One big story in branding today is the use of collaborations as a shortcut to creating a cultural “moment” around a product. This includes creative partnerships between a brand and a celebrity, Here, McDonald’s scored big by connecting with the Korean cute-boys-who-dance phenomenon, BTS. This was their first-ever international celebrity tie in. The BTS meal was chicken nuggets, fries and a Coke with two new dipping sauces — sweet chili and Cajun flavors — inspired by McDonald's South Korea recipes. They also sold BTS merchandise in the band’s signature purple married with Golden Arches yellow in limited edition with a gradual roll-out online. How well did it work? Not only were they selling out meals, fans were collecting their BTS branded bags and even those dipping sauces and selling them on eBay.

Brand can best inflationary woes

As fast food brands like McDonald’s continue to chart their technological futures, they are also contending with the here-and-now challenge of inflation. While the cost of many food ingredients has gone up in ways they cannot absorb, without adjusting menu prices upward or adjusting portion sizes downward, higher prices in other consumer sectors like gas have squeezed household budgets. The result is a new focus on value. Value doesn’t have to mean rock-bottom prices. Indeed, the days of fast food brands competing to have the cheapest “budget menu” are long gone. Quite the opposite. Part of McDonald’s soaring profits in 2021 come from raising prices.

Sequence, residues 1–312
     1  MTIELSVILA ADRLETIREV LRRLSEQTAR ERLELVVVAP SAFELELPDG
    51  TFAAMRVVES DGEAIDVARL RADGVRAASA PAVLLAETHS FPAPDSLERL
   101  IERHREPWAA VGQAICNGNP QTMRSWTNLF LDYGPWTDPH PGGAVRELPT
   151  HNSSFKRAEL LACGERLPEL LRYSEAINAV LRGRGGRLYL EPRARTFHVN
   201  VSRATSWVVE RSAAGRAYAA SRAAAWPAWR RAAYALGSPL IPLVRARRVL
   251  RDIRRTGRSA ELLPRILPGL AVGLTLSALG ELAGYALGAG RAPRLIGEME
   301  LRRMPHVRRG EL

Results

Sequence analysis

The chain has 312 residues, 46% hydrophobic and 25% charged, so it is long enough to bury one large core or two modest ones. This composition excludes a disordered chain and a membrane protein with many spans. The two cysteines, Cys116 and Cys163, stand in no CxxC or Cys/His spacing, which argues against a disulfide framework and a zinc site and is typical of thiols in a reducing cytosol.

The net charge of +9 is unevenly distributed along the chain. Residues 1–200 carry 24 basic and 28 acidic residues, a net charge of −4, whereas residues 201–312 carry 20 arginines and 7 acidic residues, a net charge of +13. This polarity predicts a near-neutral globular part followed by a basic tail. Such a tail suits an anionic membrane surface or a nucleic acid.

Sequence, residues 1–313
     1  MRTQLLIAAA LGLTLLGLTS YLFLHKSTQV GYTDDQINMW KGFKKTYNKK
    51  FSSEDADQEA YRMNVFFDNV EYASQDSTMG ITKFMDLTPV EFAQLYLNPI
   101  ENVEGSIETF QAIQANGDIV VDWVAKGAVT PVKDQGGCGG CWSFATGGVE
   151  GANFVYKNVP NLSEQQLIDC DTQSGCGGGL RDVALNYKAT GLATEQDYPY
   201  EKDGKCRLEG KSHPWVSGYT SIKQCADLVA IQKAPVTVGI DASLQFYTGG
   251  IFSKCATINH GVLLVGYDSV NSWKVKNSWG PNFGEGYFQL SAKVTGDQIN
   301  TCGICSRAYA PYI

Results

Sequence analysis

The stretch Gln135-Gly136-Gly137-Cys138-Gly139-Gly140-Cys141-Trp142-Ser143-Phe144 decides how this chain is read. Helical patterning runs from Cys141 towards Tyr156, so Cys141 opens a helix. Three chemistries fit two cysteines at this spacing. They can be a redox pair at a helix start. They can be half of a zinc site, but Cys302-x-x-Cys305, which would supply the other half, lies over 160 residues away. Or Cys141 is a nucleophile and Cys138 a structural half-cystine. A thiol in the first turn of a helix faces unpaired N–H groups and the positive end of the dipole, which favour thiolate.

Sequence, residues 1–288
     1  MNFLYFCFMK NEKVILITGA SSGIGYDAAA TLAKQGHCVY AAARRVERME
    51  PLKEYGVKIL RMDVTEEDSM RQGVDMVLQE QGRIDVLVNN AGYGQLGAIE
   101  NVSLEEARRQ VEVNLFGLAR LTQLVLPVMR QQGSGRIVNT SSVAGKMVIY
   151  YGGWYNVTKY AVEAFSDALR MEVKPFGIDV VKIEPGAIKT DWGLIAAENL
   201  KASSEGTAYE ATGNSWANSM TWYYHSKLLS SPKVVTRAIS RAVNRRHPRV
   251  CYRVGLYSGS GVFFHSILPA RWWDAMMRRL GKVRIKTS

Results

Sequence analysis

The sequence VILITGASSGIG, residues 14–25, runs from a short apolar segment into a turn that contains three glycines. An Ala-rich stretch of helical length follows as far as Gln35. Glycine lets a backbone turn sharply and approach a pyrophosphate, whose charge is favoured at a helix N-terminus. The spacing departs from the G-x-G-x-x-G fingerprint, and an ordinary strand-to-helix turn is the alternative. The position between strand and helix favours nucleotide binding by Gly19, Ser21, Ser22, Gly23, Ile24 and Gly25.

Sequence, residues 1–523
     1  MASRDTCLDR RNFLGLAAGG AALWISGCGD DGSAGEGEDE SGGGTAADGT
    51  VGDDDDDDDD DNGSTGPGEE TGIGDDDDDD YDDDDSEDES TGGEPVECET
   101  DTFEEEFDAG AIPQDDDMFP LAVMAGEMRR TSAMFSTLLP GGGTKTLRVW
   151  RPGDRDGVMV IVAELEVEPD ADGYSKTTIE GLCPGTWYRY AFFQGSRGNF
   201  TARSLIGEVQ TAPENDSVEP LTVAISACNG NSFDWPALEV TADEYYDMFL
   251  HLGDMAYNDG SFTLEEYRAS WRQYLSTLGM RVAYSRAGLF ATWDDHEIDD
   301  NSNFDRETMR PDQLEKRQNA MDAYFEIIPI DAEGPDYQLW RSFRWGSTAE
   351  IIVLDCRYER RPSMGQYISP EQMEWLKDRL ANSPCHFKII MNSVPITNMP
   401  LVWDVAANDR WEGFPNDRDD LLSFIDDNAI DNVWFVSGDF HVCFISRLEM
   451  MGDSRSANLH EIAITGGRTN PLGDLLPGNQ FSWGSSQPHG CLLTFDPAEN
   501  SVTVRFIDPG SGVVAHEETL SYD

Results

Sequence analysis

Especially in the context of delivery (and delivery fees), for many customers, large fast food brands no longer represent the absolute cheapest or quickest option for any given meal. In some markets, the cost of fast food delivery may approach that of restaurant takeout. But even as family’s budgets are becoming squeezed by inflation, fast food revenues have thus far held up because their products are still valued. They provide a Meaningfully Different dining experience. {Meaningful and Different are two of the three key factors Kantar uses to assess brand value.} Even as people can endlessly scroll through dining options in a delivery app, only McDonald’s has that Big Mac and those distinctive skinny fries. 

While technology matters, so does product, especially if that product can be embedded in marketing moments like the BTS tie-in that enhance its intrinsic meaning. McDonald’s takes itself seriously for its food, but also the experiences and culture and that add up to powerful brand value.